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When Your VO Performance Is Spot On,
Sound Quality Doesn't Matter So Much?

By Ilja Rosendahl
Producer, Actor, Songwriter, Musician, Voice Actor  

Technology advances have come a long way in changing the world we live in, and this is also true for the voice over industry.

What was once a restricted business for a few who recorded in external recording studios is now open to all professional talent with a home studio and online capabilities.

But in contrast to the ever-improving technical quality of other media, the majority of modern voice overs is delivered below industry standards. 


In the past, it was the studio engineer's responsibility to arrange the recording setup and the voice actor focused solely on the performance. Now, both tasks must be tackled by those who have a home studio.

With recording equipment becoming more and more affordable, it is tempting to think that a top voice over can be recorded on a shoestring budget. But is the result really professional?  


The way a product is presented is a major factor in deciding if people think it's good and like it or not, even if they can't explain why. And the ability to pick an original versus similar products is often underestimated.

Same with your product, voice over recordings.

While you might feel satisfied with the sound quality, maybe your client thinks differently, and you don't notice it because instead of receiving the necessary feedback from the client, you are simply not chosen after auditioning or not booked again, left without a clue.

But if your recordings sound pure and clear, there is a better chance to succeed.  

For example, a tennis pro can play with a frying pan better than most of us would with a professional racket. But how many tennis players have you seen lately with a frying pan on the court?

So, why would you care less about your sound quality? It can be a reason why you make it or break it in the voice over industry, since recording issues can overshadow an otherwise solid performance. 

"Nah, they won't hear the difference. My mic sounds very similar to the fancy ones, and some foam panels will do it as acoustic treatment for now."
Really? After your recordings are mastered and used as finished audio, even small sound issues in your recording space and chain will become quite obvious to any listener. So, you can't really hide it.  
"There is a plugin to emulate/solve everything: mics, preamps, reverb, sibilance, clicks, breaths, pops, noise … you name it."
True, a lot can be done with software tools. However, as with cameras, the better the raw picture, the better the result after editing will be.

So, plugins should be left to polish what's already there. And studio engineers know that it's always better to avoid the problem at the source instead of getting rid of it after recording.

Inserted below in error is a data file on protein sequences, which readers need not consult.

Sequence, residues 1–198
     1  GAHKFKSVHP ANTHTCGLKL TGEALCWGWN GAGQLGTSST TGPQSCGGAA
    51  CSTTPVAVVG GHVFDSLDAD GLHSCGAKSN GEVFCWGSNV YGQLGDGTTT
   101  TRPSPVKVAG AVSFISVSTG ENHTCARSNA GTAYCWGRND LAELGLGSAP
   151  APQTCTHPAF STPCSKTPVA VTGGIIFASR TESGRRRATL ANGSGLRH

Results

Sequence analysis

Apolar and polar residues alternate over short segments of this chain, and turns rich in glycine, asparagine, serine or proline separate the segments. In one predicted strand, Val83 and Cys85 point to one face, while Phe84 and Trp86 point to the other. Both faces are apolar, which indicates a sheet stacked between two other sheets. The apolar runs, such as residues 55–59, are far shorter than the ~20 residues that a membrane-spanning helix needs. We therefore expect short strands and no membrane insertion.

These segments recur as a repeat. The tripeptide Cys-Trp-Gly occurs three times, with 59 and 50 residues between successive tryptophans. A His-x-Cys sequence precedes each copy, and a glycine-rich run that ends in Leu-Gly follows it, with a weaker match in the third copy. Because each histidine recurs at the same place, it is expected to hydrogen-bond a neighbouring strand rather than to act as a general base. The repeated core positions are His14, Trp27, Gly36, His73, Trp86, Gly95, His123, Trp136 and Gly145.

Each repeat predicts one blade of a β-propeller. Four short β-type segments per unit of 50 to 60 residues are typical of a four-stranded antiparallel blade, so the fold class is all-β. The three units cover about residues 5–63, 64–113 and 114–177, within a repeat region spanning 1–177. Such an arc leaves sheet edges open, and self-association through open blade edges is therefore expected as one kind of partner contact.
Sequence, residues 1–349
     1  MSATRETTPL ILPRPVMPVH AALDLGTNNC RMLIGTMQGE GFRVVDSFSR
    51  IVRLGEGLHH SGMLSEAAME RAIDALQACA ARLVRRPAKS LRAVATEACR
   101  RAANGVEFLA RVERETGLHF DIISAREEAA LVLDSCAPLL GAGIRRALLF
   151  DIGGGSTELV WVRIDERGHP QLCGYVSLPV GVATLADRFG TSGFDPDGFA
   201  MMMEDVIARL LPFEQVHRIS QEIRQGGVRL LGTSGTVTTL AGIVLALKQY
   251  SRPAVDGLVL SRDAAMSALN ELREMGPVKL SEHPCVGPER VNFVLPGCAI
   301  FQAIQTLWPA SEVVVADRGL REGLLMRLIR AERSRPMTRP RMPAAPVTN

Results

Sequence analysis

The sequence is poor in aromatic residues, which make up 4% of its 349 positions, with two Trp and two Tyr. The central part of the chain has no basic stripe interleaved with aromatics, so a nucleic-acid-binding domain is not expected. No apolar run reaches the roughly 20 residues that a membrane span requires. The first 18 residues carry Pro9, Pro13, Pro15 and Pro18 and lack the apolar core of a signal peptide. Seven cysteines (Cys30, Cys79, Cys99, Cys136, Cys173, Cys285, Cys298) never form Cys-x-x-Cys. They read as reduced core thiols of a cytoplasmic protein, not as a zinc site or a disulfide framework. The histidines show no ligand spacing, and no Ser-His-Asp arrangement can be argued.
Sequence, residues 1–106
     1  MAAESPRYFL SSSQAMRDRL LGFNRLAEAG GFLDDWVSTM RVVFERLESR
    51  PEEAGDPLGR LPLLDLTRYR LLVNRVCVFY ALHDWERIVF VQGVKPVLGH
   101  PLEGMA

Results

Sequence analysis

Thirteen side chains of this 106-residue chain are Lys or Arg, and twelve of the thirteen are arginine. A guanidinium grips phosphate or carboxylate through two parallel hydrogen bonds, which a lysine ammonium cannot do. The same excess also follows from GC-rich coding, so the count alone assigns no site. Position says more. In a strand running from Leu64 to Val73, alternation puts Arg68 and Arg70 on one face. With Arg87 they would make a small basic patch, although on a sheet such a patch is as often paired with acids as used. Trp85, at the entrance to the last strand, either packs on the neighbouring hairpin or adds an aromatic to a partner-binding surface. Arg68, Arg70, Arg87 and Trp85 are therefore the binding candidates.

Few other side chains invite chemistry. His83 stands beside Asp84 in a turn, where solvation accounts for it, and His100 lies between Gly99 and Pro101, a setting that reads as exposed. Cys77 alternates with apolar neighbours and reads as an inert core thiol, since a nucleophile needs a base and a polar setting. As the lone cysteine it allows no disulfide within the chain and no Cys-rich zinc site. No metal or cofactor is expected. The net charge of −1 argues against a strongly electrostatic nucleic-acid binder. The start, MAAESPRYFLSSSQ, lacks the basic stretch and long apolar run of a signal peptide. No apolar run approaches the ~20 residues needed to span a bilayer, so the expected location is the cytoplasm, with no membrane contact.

Managing the recording sound is vital for your voice over business.

Experiment with professional tools and actively seek feedback on your sound quality to present yourself in the best way possible.

The following exercise can help you as a starting point for a general soundcheck of your recording room:  
  • Clap your hands. Not right in front of your microphone, OK?
  • Listen carefully. Do you hear any room reflections, or is the room too dry?
  • Talk with a soft and then a loud voice.
  • Listen carefully. Does it sound boomy or boxy? Does the room have too much reverb or does it suck the life out of your voice?  
If you detect any issues, make the necessary improvements and then proceed to further elements of your recording setup.
Ilja Rosendahl is a producer, actor, songwriter, musician and voice over artist. Since 1997 he has starred in feature films and TV series and voiced media projects for blue chip companies all over the world. In 2001 he started the Electronic Alternative Rock solo music project Latent Anxiety, which has released 7 studio albums and garnered several awards. Ilja holds a PhD in Natural Sciences and is a member of various associations in the entertainment industry. In 2020 he launched VOTIPS with technical and training resources for voice over talent. 

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Comments (1)
James Conlan
2/5/2020 at 10:22 AM
This is good advice, Ilja, and too often overlooked or misunderstood. I particularly appreciate your concern about "sucking the life out of your voice." But I would hope people are also paying attention to two hardware issues. First, many people go cheap on the microphone, often choosing a USB mic to save a few bucks on an interface. I'm not that acute a listener, but I can usually hear it when someone is using a Yeti. And second, one needs to invest in a good pair of headphones and put them on, both when recording and when editing. Sloppy edits aren't as apparent when listening with speakers, but pretty clear with headphones. These issues will also negate a good performance.
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